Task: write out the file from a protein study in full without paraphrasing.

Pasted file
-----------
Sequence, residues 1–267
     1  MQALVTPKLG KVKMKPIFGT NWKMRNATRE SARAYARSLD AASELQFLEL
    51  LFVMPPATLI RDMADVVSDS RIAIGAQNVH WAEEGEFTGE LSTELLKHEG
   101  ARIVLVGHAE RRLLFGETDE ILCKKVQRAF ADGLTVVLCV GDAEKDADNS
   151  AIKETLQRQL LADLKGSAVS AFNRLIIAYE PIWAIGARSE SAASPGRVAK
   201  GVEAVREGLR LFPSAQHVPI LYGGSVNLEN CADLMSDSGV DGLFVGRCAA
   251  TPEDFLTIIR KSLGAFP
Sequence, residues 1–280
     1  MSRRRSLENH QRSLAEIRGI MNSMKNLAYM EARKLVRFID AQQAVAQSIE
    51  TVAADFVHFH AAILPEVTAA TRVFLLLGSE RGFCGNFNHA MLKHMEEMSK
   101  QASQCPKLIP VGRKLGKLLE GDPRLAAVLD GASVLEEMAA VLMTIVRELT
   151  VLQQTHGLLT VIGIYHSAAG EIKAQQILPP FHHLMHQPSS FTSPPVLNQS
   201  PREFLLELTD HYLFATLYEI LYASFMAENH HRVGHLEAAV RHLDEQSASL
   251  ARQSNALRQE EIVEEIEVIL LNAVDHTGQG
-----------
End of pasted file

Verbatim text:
Sequence, residues 1–267
     1  MQALVTPKLG KVKMKPIFGT NWKMRNATRE SARAYARSLD AASELQFLEL
    51  LFVMPPATLI RDMADVVSDS RIAIGAQNVH WAEEGEFTGE LSTELLKHEG
   101  ARIVLVGHAE RRLLFGETDE ILCKKVQRAF ADGLTVVLCV GDAEKDADNS
   151  AIKETLQRQL LADLKGSAVS AFNRLIIAYE PIWAIGARSE SAASPGRVAK
   201  GVEAVREGLR LFPSAQHVPI LYGGSVNLEN CADLMSDSGV DGLFVGRCAA
   251  TPEDFLTIIR KSLGAFP
Sequence, residues 1–280
     1  MSRRRSLENH QRSLAEIRGI MNSMKNLAYM EARKLVRFID AQQAVAQSIE
    51  TVAADFVHFH AAILPEVTAA TRVFLLLGSE RGFCGNFNHA MLKHMEEMSK
   101  QASQCPKLIP VGRKLGKLLE GDPRLAAVLD GASVLEEMAA VLMTIVRELT
   151  VLQQTHGLLT VIGIYHSAAG EIKAQQILPP FHHLMHQPSS FTSPPVLNQS
   201  PREFLLELTD HYLFATLYEI LYASFMAENH HRVGHLEAAV RHLDEQSASL
   251  ARQSNALRQE EIVEEIEVIL LNAVDHTGQG